Megalodon sharks grew 2 metres long in the uterus by eating eggs

Megalodon sharks grew 2 metres long in the uterus by eating eggs

Megalodon sharks grew monumental within the uterus


Ancient megalodon sharks might have been a minimum of 2 metres lengthy at beginning – they usually might need grown so massive by consuming unhatched eggs within the uterus.

Kenshu Shimada at DePaul College in Chicago and his colleagues examined an Otodus megalodon fossil that was recovered within the 1860s from 15-million-year-old rock and is now housed on the Royal Belgian Institute of Pure Sciences. Learning the shark’s vertebrae, allowed them to estimate its physique dimension at varied phases in its life.

“Megalodon’s dimension at beginning was about 2 metres in whole, which signifies that it will need to have given stay beginning like all present-day lamniform sharks do,” says Shimada.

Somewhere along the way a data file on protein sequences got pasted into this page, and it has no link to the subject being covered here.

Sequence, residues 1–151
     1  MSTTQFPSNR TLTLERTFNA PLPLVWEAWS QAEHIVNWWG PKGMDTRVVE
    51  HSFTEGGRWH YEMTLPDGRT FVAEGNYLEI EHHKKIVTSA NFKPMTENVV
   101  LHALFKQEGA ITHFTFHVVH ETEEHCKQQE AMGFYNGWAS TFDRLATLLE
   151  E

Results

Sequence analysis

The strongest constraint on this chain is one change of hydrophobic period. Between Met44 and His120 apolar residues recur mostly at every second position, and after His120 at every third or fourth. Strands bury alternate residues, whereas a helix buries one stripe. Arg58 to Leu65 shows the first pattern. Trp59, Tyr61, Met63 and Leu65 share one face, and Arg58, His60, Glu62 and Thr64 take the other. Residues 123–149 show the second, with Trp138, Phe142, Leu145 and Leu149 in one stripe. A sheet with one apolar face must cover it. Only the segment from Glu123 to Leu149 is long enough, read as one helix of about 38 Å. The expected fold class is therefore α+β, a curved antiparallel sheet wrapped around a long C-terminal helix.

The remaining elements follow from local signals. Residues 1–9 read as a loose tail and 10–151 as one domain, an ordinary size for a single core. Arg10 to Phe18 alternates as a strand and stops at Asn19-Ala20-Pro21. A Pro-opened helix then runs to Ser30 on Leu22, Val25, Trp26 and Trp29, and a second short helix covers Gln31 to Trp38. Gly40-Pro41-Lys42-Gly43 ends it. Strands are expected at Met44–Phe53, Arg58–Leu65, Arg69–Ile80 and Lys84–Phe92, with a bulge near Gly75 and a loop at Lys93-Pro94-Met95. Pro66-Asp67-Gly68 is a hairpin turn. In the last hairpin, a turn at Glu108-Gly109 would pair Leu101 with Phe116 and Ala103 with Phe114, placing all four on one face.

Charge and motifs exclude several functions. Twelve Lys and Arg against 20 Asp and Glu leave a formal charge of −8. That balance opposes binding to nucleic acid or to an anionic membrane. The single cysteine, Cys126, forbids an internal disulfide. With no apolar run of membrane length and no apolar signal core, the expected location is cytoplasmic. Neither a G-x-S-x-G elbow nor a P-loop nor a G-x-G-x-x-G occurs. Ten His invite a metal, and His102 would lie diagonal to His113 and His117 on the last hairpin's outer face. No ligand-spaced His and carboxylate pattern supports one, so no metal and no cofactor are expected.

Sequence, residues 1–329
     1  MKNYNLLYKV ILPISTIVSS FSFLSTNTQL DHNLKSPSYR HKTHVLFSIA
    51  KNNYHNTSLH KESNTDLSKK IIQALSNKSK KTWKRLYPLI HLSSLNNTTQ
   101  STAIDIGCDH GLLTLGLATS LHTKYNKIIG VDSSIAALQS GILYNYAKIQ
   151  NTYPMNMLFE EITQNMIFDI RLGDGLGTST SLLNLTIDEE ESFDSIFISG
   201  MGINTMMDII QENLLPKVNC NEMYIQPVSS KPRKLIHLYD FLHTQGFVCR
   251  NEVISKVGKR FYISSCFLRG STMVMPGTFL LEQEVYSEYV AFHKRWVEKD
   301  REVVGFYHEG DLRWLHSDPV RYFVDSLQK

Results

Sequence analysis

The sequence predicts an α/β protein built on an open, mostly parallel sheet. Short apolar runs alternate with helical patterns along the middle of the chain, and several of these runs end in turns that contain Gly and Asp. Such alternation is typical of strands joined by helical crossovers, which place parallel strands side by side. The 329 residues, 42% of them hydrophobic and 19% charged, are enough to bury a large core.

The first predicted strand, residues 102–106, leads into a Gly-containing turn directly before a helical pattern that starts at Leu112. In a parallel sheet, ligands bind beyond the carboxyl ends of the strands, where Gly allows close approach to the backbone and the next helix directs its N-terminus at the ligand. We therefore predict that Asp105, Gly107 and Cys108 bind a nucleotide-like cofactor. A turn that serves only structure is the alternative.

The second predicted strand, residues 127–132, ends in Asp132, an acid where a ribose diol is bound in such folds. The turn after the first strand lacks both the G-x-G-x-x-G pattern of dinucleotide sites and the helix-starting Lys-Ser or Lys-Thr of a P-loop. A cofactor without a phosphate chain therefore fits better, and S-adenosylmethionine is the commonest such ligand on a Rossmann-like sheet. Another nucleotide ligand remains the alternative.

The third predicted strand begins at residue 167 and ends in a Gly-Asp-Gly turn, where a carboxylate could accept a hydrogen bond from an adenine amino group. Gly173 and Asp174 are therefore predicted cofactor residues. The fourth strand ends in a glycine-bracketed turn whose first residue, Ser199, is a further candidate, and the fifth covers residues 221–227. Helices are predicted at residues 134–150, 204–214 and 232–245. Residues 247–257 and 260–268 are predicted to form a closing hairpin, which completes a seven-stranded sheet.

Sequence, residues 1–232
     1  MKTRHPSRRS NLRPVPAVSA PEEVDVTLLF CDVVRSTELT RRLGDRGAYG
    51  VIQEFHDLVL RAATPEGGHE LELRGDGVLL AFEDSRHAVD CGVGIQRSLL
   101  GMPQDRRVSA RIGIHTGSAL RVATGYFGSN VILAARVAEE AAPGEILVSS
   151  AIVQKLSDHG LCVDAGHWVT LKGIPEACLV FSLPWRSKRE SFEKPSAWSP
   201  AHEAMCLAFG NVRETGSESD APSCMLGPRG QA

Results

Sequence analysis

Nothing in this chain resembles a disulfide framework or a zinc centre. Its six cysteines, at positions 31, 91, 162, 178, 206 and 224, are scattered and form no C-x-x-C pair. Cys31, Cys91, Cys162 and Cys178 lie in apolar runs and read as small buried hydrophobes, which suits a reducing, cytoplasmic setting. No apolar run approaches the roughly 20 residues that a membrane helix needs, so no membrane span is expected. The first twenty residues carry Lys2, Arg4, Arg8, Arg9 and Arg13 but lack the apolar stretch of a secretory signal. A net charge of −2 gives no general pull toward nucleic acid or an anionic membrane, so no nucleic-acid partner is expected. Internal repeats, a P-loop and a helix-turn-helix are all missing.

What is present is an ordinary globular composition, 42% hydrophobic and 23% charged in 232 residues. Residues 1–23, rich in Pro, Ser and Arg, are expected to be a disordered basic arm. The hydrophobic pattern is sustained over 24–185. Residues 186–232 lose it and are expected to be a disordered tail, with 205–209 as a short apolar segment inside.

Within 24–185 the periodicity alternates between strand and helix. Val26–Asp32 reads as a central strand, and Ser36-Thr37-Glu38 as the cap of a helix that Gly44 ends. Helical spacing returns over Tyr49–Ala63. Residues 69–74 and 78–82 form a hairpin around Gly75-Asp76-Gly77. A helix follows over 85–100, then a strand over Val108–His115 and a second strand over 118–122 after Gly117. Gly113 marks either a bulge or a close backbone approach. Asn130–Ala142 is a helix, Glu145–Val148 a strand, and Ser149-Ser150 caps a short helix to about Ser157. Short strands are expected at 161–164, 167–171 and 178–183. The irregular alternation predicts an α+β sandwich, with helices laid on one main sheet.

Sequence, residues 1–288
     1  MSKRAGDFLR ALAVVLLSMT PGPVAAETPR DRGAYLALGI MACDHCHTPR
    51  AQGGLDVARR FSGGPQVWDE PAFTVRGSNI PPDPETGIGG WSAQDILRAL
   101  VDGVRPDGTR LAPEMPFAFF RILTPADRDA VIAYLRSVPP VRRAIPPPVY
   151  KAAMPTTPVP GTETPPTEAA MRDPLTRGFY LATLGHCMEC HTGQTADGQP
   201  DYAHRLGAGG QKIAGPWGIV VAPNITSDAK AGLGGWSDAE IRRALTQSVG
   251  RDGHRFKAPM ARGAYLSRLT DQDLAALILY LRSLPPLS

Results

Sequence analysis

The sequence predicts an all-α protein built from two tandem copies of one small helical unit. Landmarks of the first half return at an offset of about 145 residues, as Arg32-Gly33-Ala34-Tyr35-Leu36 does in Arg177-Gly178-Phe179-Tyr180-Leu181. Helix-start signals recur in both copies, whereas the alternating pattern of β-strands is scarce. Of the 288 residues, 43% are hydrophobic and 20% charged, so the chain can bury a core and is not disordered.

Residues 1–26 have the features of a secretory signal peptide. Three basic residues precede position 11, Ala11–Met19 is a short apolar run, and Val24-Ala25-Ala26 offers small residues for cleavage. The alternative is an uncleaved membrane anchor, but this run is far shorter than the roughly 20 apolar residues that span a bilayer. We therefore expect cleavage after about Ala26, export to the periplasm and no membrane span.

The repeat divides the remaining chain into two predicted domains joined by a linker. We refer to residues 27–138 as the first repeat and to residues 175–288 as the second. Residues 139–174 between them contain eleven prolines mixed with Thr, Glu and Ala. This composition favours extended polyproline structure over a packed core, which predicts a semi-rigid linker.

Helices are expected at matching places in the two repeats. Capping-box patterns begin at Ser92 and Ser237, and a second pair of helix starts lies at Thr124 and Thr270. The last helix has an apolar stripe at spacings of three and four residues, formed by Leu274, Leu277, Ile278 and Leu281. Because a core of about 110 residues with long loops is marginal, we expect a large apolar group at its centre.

Much like how a tree trunk has annual development rings, the shark vertebrae has development bands. By counting these, Shimada and his workforce counsel that this megalodon specimen died at 46 years outdated.

Earlier research into O. megalodon have relied on proof from its tooth to estimate physique dimension. It’s because teeth are sometimes the one a part of a shark to fossilise, as its skeleton is fabricated from cartilage and never bone. Learning uncommon vertebral stays is important to studying extra about historical sharks, says Jack Cooper at Swansea College, UK.

The large birth size of O. megalodon means that the younger sharks, like many present-day sharks, ate unhatched eggs within the uterus to outlive – a phenomenon known as intrauterine cannibalism.

“The consequence is that only some pups will survive and develop, however every of them can change into massive in physique dimension at beginning which supplies [them] a bonus as already massive predators,” says Shimada.

Whereas the brand new analysis has offered data on the expansion sample between beginning and center age, we nonetheless know little about megalodon development later in life.

Journal reference: Historic Biology, DOI: 10.1080/08912963.2020.1861608

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